In a few days, the Google Play rating will get a revamp. This will have a significant effect to both app developers and users.
A month ago I wrote a blog post about how Google Play was changing focus from total downloads to active installs. Today I will cover another change. This one will come into effect in the coming days.
Google play is switching their simple rating system to a weighted average system which favors more recent ratings.
The main reason is that Google wants a “rating based on what your app is today, not what it was years ago” (Milena Nikolic, Google Play Console).
This makes a lot of sense in Google Play store which has become an oversaturated app market with an infinity of apps that haven’t been updated for years and no longer work.
The general idea is to incentivize developers to update their apps with fixes and new features in order to keep their rating high.
An apps rating is arguably the most important metric for an app. It plays a role (together with other factors) in the results position in searches and is visible from the search results screen.
As a user, I must admit that overall app rating is very important when deciding if I want to install an app or not.
So tinkering with the rating system is the best way for Google to nudge developers.
Who are the winners and losers?
As with most changes there are winners and losers. And some that are both. You, as a user, are probably both.
Anyone who uses their big network to boost their apps rating. It is common for developers to advertise their newly released apps to their personal network on social media. Typically asking people to download it and leave a nice review. Even though this will still give an initial small boost to developers on release, the long-term effects are now minimized. It is easy to convince your friends and family to download your app and leave a review once but having them do it periodically will take some convincing if they are not actively using the application.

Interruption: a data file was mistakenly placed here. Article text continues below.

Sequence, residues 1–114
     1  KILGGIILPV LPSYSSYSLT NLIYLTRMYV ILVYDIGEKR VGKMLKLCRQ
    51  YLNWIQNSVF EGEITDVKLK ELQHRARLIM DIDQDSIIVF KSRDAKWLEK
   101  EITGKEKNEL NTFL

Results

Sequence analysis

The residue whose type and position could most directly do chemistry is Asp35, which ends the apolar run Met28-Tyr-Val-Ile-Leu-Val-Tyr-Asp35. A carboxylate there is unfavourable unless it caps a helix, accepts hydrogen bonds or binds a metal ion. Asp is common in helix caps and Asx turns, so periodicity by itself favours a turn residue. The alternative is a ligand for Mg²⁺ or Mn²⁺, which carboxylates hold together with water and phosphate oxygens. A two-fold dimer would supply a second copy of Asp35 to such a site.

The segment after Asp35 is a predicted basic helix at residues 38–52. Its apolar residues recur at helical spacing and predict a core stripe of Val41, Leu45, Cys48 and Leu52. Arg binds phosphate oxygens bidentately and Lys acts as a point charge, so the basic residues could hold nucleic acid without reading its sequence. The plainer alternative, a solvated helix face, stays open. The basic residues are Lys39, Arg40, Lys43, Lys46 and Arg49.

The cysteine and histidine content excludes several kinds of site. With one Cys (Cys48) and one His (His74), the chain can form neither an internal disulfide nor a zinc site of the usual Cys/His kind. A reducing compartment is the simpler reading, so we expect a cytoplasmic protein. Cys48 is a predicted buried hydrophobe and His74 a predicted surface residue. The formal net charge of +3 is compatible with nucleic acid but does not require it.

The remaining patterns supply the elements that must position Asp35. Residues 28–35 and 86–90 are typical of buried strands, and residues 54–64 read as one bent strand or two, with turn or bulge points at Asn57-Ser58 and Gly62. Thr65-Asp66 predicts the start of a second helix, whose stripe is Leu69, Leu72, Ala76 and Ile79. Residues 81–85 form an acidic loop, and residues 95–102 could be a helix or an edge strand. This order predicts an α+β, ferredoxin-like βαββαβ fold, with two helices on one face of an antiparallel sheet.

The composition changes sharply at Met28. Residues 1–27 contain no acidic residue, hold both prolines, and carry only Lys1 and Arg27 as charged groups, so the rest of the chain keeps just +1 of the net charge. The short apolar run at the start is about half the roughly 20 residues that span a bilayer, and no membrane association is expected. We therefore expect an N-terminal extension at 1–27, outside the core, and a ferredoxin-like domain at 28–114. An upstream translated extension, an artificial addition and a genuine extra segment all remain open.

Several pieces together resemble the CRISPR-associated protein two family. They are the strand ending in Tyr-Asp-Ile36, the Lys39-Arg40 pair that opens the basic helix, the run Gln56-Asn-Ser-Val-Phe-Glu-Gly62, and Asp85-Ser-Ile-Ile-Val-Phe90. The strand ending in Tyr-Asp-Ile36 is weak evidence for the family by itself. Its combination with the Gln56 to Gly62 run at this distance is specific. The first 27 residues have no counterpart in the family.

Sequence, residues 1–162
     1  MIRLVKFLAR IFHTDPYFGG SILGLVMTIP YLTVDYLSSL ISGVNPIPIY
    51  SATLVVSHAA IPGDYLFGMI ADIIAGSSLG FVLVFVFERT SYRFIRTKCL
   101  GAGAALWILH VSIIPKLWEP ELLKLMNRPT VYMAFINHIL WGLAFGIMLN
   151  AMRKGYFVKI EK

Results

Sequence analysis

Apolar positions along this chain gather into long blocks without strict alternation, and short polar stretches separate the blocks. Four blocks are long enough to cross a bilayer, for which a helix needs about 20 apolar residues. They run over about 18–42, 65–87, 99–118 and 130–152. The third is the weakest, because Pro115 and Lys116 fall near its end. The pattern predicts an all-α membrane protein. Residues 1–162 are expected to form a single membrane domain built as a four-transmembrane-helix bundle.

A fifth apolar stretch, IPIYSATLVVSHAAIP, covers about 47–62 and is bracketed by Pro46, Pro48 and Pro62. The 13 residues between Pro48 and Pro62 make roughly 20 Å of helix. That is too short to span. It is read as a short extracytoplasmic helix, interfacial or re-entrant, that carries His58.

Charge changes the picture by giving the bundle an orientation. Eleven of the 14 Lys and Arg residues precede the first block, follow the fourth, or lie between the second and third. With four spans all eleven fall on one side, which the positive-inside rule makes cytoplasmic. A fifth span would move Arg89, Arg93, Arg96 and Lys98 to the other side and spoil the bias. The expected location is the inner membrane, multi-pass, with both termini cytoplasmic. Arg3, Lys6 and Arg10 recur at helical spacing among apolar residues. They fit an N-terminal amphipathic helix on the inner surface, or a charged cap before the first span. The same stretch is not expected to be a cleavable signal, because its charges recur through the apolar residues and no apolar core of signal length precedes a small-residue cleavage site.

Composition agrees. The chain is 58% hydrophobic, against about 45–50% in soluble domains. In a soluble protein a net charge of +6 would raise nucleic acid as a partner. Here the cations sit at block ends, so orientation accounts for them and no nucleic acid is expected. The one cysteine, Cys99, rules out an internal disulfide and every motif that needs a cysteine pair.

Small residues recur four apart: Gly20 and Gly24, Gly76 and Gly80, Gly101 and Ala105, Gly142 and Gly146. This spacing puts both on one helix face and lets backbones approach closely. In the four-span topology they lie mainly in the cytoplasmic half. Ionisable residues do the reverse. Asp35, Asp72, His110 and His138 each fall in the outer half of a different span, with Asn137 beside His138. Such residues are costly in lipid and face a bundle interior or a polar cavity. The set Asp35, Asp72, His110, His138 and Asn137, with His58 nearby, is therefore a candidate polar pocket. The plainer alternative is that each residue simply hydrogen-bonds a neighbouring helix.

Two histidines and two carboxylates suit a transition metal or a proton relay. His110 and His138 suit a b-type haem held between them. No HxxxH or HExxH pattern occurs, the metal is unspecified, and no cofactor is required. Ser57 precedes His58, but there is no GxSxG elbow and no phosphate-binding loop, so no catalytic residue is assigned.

Similarly, there is another group that is affected. I don’t know if you are aware of this but there are also communities of Android developers around the internet that help each other leaving high ratings in each other’s newly released apps.
If you are wondering why an app about Caribbean beaches that was released this month has hundreds of 5-star reviews from South Asians, this is the explanation (yes, this based on a true story).
There is a giant international army of developers from the developing world that are pushing niche apps to play store that will never be updated and are left to rot and turn into legacy trash.
The third group that has the same issue are people buying reviews. Regardless of moral principles and a clear breach of Google Play Developer Distribution Agreement, some developers do choose to waste money on purchasing app reviews. I have no sympathy for these business practices and therefore I am overjoyed that this change will render their past purchases meaningless. In order to keep a high rating, they would require purchasing reviews quite periodically. I fail to see how this could ever be economically viable. Then again, I don’t see how it is viable today.